WASHINGTON – Senate Majority Leader Mitch McConnell announced on Thursday that the upper chamber will vote on Saturday on whether or not to confirm Judge Brett Kavanaugh to the Supreme Court after an FBI investigation ostensibly failed to corroborate the sexual misconduct and attempted rape accusations against him.
“What we know for sure is the FBI report did not corroborate any of the allegations against Judge Kavanaugh,” McConnell said at a press conference, flanked by GOP senators on Thursday afternoon, adding that “there’s no way anything we did would satisfy the Democrats.”
Kavanaugh has been publicly accused by three women of sexual misconduct, including Christine Blasey Ford, who last week testified before the Senate Judiciary Committee – along with the judge – to tell her version of his attempt to rape her that she claims took place at a 1982 student party.
The slim GOP 51-49 majority in the Senate means that the party cannot afford to lose the votes of any Republican lawmakers – whether by abstaining or voting no on Kavanaugh’s confirmation.,
However, after the FBI investigation, which lasted just five days and apparently failed to interview all parties claiming to have information pertaining to the matter, two Republican senators who had not definitively said they would vote yes – Susan Collins and Jeff Flake – said that the information provided by the agency does not confirm the accusations against Kavanaugh.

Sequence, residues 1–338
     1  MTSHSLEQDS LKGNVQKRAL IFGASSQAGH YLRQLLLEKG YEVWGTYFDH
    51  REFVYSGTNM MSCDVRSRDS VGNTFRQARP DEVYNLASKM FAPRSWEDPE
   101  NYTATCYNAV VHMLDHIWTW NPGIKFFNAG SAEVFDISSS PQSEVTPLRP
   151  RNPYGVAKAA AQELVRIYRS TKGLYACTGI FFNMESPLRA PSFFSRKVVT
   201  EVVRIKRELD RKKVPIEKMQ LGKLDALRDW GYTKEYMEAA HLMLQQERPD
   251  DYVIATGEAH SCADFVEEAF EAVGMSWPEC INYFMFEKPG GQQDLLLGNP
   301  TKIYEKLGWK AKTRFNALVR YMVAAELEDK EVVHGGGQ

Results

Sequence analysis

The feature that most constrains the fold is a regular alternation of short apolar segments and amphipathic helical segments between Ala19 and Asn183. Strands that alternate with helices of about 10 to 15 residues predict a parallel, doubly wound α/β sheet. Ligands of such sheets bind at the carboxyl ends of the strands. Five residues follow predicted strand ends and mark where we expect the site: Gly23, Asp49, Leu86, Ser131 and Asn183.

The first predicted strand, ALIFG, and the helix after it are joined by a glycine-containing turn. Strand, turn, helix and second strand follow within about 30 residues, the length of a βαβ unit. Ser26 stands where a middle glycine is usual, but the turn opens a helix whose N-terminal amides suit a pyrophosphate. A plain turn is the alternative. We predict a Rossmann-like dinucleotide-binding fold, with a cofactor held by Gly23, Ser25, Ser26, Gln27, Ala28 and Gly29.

“These uncorroborated accusations have been unequivocally and repeatedly rejected by Judge Kavanaugh, and neither the Judiciary Committee nor the FBI could locate any third parties who can attest to any of the allegations,” said Republican Senate Judiciary Committee Chairman Chuck Grassley.
“There’s also no contemporaneous evidence. This investigation found no hint of misconduct and the same is true of the six prior FBI background investigations conducted during Judge Kavanaugh’s 25 years of public service,” Grassley added.
However, the social pressure against confirming Kavanaugh has increased in recent days with hundreds of demonstrations all around the country and a big march on Thursday in Washington.
Senate Minority Leader Chuck Schumer told a press conference that he disagrees with Grassley’s statement that the FBI report found “no hint of misconduct” by Kavanaugh and he called for the report to be publicly released, along with the White House order to the FBI to conduct the investigation.
Schumer also criticized the investigation for being limited in scope and pointed to the White House as possibly being responsible for that, demanding that the parameters of the probe established by the White House be made public.
Senators received access to the FBI report on Thursday morning.
Meanwhile, the ranking Democrat on the Senate Judiciary Committee, Dianne Feinstein, said that “The most notable part of this report is what’s not in it.”
Feinstein went on to note that the FBI did not interview Kavanaugh or Ford.